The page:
The fact that there are so many equivalent definitions kind of bothers me. Its like everything becomes kind of circular. For example when I was learning Analysis(I am still learning it, in fact), one book would define a closed set as the complement of an open set and it would ask me to prove that a closed set contains all of its limit points. Another book would instead define a closed set as a set which contains all of its limit points and ask me to prove that its complement is open. I was like, "What's the point to all this?". I had fun proving it, but it seemed pointless.
So you want everyone to always do things the same way? There are always different ways of looking at the same thing, different ways of defining the same thing, and different ways of solving the same problem. Often, different definitions give an easier way of proving some property. Having more tools in your toolkit gives you more flexibility. All that is important is that the different definitions be equivalent.

11. ## Re: Derivative of e^x from first principles

Originally Posted by sakodo
The fact that there are so many equivalent definitions kind of bothers me. Its like everything becomes kind of circular. For example when I was learning Analysis(I am still learning it, in fact), one book would define a closed set as the complement of an open set and it would ask me to prove that a closed set contains all of its limit points. Another book would instead define a closed set as a set which contains all of its limit points and ask me to prove that its complement is open. I was like, "What's the point to all this?". I had fun proving it, but it seemed pointless.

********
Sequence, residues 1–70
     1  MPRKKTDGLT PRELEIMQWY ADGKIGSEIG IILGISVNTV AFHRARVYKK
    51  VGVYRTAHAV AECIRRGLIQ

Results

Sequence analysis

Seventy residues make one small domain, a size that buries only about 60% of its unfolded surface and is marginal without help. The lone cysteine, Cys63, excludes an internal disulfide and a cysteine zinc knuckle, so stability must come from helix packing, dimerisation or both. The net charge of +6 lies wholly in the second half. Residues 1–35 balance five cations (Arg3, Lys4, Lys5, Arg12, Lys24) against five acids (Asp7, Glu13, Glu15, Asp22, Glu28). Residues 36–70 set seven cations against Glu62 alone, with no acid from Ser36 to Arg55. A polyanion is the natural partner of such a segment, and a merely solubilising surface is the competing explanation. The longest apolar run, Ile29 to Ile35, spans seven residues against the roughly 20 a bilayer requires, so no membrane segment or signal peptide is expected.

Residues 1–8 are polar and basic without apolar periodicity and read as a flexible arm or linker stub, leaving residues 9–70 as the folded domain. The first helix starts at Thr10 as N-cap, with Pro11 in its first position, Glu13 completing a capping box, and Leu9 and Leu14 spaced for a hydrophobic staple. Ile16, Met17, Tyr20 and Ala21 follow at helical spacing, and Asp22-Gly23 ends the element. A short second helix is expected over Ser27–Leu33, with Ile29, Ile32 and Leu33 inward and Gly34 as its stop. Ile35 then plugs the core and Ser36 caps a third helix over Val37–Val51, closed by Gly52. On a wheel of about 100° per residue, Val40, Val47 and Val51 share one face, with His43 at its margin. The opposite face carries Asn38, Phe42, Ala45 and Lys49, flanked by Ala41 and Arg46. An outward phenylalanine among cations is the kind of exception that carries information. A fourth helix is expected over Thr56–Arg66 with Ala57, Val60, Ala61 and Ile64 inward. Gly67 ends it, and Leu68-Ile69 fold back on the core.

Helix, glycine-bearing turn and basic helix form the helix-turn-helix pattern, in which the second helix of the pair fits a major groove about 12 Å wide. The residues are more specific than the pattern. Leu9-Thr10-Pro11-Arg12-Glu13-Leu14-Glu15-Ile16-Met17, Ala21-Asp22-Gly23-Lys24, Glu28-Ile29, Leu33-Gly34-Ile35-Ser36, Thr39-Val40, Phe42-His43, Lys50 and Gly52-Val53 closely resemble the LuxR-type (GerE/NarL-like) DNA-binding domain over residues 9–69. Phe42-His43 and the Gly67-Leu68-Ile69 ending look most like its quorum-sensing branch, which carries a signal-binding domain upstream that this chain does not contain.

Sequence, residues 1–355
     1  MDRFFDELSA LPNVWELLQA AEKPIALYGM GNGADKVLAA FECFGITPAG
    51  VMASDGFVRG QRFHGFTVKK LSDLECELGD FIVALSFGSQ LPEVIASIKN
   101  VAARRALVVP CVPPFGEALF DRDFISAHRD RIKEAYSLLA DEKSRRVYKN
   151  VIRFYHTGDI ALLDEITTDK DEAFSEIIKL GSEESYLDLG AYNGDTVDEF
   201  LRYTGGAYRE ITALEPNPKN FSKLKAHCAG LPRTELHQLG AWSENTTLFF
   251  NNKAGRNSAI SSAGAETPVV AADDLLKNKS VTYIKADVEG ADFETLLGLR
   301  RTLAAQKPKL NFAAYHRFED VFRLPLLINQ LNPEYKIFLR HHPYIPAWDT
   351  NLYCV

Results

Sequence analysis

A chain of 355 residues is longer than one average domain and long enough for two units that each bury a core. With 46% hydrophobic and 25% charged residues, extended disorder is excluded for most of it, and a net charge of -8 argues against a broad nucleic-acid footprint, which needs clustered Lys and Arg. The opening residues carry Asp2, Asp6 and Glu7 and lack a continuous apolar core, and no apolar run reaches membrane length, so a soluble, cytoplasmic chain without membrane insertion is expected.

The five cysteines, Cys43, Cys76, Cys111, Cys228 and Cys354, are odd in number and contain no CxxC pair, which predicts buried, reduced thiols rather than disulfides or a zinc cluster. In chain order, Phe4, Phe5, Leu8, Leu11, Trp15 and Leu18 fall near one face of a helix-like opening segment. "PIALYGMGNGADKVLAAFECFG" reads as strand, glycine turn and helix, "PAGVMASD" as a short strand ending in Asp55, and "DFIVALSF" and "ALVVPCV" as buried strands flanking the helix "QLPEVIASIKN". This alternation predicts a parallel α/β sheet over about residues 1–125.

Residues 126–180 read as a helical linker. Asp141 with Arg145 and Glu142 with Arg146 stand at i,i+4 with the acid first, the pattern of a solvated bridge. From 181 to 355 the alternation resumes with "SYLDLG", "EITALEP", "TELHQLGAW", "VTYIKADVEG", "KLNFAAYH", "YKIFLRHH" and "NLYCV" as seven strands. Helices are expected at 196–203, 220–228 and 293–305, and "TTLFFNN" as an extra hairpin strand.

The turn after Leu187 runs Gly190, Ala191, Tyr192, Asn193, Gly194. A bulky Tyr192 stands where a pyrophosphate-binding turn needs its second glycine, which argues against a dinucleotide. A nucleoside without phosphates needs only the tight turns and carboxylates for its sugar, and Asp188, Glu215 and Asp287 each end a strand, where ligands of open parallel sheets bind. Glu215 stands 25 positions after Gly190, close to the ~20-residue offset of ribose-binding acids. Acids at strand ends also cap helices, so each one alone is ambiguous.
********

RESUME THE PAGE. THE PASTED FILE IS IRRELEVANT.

Again we can use an analogy based on roads. The different definitions and exercises are journeys around the mathematical road network. What is important is not so much where you start from, but where you are aiming for. And if you have a good knowledge of the roads in that area and how they link up, you are more likely to be able to find your way to your destination.

Page 2 of 2 First 12

,

,

,

,

,

,

,

,

,

,

,

,

,

,

# differentiation of natural logarithm of x from the first principle

Click on a term to search for related topics.